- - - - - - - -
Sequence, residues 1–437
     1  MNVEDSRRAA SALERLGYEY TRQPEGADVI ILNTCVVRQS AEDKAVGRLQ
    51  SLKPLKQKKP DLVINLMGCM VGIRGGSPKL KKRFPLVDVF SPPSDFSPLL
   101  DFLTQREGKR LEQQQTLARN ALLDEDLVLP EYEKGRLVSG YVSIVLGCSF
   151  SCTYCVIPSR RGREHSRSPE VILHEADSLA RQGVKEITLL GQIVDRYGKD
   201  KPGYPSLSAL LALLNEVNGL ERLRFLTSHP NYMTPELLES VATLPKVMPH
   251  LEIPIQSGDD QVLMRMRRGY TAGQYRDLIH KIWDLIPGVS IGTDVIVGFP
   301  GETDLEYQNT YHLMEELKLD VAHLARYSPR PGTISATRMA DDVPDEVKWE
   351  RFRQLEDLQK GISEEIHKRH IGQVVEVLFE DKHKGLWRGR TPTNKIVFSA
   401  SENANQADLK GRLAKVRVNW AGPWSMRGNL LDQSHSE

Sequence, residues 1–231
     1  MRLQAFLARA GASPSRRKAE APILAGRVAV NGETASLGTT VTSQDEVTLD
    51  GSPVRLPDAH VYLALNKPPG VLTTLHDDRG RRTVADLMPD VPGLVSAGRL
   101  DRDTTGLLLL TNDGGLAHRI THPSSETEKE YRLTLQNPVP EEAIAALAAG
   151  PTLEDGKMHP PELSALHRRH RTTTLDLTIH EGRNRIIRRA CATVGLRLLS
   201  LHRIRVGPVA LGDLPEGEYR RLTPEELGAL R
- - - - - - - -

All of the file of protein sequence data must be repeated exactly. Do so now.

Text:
Sequence, residues 1–437
     1  MNVEDSRRAA SALERLGYEY TRQPEGADVI ILNTCVVRQS AEDKAVGRLQ
    51  SLKPLKQKKP DLVINLMGCM VGIRGGSPKL KKRFPLVDVF SPPSDFSPLL
   101  DFLTQREGKR LEQQQTLARN ALLDEDLVLP EYEKGRLVSG YVSIVLGCSF
   151  SCTYCVIPSR RGREHSRSPE VILHEADSLA RQGVKEITLL GQIVDRYGKD
   201  KPGYPSLSAL LALLNEVNGL ERLRFLTSHP NYMTPELLES VATLPKVMPH
   251  LEIPIQSGDD QVLMRMRRGY TAGQYRDLIH KIWDLIPGVS IGTDVIVGFP
   301  GETDLEYQNT YHLMEELKLD VAHLARYSPR PGTISATRMA DDVPDEVKWE
   351  RFRQLEDLQK GISEEIHKRH IGQVVEVLFE DKHKGLWRGR TPTNKIVFSA
   401  SENANQADLK GRLAKVRVNW AGPWSMRGNL LDQSHSE

Sequence, residues 1–231
     1  MRLQAFLARA GASPSRRKAE APILAGRVAV NGETASLGTT VTSQDEVTLD
    51  GSPVRLPDAH VYLALNKPPG VLTTLHDDRG RRTVADLMPD VPGLVSAGRL
   101  DRDTTGLLLL TNDGGLAHRI THPSSETEKE YRLTLQNPVP EEAIAALAAG
   151  PTLEDGKMHP PELSALHRRH RTTTLDLTIH EGRNRIIRRA CATVGLRLLS
   201  LHRIRVGPVA LGDLPEGEYR RLTPEELGAL R